Assessing ground interaction effects and potential damage on existing tunnels before and after new excavation works

Lead Research Organisation: Imperial College London
Department Name: Civil & Environmental Engineering

Abstract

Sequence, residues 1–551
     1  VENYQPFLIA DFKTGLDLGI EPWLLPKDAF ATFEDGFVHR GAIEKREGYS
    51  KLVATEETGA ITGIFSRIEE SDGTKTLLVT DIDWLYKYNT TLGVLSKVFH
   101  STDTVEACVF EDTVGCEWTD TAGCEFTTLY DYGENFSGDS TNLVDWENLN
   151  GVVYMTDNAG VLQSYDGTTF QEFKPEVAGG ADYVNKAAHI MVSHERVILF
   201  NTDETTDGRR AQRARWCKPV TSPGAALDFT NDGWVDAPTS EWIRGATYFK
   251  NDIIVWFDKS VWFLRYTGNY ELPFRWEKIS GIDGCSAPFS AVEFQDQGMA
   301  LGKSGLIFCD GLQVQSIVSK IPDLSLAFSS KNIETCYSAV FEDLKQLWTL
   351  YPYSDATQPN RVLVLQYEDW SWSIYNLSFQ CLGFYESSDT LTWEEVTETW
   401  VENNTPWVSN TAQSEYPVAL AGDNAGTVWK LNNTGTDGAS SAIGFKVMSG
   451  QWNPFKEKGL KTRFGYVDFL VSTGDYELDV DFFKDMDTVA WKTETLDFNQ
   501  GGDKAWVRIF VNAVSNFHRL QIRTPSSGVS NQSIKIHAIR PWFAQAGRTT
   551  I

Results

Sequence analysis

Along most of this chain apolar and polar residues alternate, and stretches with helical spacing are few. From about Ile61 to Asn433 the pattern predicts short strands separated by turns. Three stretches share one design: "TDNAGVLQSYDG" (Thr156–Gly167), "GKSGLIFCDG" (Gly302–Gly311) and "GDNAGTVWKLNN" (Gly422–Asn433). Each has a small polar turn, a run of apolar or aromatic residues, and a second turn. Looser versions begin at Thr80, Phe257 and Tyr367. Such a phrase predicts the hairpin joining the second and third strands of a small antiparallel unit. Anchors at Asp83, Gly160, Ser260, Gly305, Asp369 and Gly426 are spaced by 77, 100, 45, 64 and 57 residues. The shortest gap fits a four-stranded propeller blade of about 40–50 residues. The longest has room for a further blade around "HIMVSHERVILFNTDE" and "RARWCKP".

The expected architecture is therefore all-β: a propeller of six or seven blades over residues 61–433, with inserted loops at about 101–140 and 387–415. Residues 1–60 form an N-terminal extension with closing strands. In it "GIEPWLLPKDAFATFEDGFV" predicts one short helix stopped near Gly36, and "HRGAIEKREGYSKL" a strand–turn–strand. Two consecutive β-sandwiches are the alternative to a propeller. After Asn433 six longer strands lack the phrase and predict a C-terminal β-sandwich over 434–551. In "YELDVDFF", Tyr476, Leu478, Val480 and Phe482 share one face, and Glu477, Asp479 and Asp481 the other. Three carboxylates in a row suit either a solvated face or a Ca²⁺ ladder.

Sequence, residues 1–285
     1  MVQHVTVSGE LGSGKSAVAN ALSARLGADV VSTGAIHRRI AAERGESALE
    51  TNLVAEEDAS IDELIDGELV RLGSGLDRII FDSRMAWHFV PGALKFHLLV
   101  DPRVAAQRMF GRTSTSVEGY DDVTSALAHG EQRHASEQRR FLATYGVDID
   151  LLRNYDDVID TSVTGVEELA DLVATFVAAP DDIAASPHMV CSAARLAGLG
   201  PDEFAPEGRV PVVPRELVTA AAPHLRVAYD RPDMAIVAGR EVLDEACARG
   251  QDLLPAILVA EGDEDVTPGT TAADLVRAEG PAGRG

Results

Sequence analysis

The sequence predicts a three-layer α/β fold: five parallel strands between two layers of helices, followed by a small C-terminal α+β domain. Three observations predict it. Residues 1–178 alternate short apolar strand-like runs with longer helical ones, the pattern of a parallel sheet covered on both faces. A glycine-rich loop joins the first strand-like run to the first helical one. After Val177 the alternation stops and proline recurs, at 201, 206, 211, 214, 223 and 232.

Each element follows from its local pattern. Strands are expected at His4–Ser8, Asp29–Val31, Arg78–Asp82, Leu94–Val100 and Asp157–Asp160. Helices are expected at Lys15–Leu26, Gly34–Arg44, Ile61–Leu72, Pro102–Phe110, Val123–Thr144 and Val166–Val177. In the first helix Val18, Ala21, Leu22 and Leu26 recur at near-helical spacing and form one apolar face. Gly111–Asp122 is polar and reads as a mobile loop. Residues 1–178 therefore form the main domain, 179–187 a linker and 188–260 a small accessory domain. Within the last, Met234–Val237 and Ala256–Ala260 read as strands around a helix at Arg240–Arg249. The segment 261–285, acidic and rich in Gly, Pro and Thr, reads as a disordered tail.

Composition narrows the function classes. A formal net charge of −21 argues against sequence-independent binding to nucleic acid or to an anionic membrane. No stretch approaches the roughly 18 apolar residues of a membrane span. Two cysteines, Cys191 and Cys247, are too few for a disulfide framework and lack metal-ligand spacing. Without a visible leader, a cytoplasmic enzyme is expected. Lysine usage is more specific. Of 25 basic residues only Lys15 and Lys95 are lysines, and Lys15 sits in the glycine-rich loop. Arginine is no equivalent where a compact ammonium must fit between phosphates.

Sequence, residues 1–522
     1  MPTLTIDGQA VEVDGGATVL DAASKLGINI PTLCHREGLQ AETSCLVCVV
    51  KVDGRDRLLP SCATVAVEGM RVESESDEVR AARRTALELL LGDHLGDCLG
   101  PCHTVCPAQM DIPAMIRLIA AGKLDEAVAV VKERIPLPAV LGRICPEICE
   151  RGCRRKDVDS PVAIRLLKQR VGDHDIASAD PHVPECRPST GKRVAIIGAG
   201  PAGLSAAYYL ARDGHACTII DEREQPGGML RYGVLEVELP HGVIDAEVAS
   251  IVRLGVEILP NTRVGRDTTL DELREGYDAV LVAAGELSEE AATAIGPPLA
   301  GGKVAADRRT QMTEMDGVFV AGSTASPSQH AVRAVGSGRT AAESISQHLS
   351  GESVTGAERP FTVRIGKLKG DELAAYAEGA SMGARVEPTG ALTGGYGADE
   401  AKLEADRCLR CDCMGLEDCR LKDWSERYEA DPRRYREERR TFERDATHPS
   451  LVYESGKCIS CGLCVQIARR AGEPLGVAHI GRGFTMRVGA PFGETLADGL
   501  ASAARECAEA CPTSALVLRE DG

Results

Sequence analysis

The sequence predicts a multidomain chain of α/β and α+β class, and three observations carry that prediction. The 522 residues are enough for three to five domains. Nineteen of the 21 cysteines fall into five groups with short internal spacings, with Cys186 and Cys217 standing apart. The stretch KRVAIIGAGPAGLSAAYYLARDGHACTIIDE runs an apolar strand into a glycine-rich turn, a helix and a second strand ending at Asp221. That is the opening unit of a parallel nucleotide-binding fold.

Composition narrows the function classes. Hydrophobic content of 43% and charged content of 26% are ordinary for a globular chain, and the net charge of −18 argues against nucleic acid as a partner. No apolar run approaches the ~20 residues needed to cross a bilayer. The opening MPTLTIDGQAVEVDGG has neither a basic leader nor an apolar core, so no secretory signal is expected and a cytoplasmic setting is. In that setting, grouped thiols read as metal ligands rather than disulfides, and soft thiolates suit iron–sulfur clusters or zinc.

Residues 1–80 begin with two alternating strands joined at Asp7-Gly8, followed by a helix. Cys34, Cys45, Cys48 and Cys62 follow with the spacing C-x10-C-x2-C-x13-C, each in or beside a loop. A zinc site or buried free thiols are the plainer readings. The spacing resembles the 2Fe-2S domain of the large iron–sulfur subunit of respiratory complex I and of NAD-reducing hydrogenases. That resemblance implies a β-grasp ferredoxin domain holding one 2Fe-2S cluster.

Tunnels and underground railway systems are a popular solution to the increasing need to provide fast efficient transport systems in urban environments. Because in many cases the ground contains dense networks of existing tunnels for transportation and services and also deep foundations, new tunnels have to be constructed deeper to pass beneath these obstacles. New tunnel construction results in stress changes and consequent deformations in the ground and these are transmitted to and affect other existing structures. Services and particularly operational metro tunnels are very sensitive to such movements. Railways operate within narrow 'kinematic envelopes' and if a tunnel deforms so as to restrict this envelope the running of trains is severely restricted, requiring reduced speed limits or shutdown of the network and, in the extreme case, their stability might be compromised. At any of these levels, efficient running of the train network is severely hindered. If it is necessary to halt operation of a train line, even for a short period, there are astronomical daily costs from loss of ticket revenue and from loss of time to the commuting workforce. The societal impact is also enormous with inconvenience to thousands of people, frustration and unrest.Many existing tunnel networks were constructed over a century ago when traditionally linings were made mostly from grey cast iron segments. Little is known about the detailed response of segmental tunnel linings made from this material, e.g. how much deformation they can sustain and when and how they will fail. Grey cast iron is a very brittle material and its response depends on a number of factors such as the force in the bolts, nature of the gaskets/grommets used, and whether the 'pan' is infilled with concrete.Royal Assent for Crossrail, a new transport link across London, was granted this year. Construction is due to start in 2010. The tunnels for Crossrail are larger and deeper than most existing tunnels and they will pass beneath more than forty such tunnels. Many of these are aged and constructed from cast iron segments and transport thousands of commuters hourly.This research project sets out to gain a full understanding of the limits of deformation of existing cast iron tunnels when deformed by underground excavation such as tunnelling. Because of the nature of these linings (connections etc) it is necessary to consider their response at an appropriate scale. A three-path approach is to be adopted with laboratory testing of large-scale rings formed from cast iron segments, field monitoring of existing tunnels during Crossrail tunnel construction and numerical analysis of both laboratory and field conditions. The laboratory study will enable limits of deformation to be established, e.g. yield and failure, under different conditions such as bolt forces, gaskets types. The rings will be instrumented to monitor changes in stresses, bolt force etc as the ring is deformed to simulate typical shapes observed and predicted in situ. This is relevant to understanding conditions both before and after new tunnel construction. Numerical analysis will be used to model the laboratory set-up and refined prior to making predictions of a field situation at Hyde Park where the Crossrail tunnels will pass beneath the Central line tunnels. Comprehensive instrumentation will be installed in the ground and existing tunnels at this location to monitor in detail and understand their response during new tunnelling. The numerical analysis can then be further refined to achieve more accurate predictions for future projects.Bringing together these three research components will allow guidelines to be drawn up on expected and allowable tunnel lining deformations and the effectiveness of mitigation measures for future projects involving tunnelling beneath existing tunnels, such that safe and efficient operation of underground railway networks is not compromised.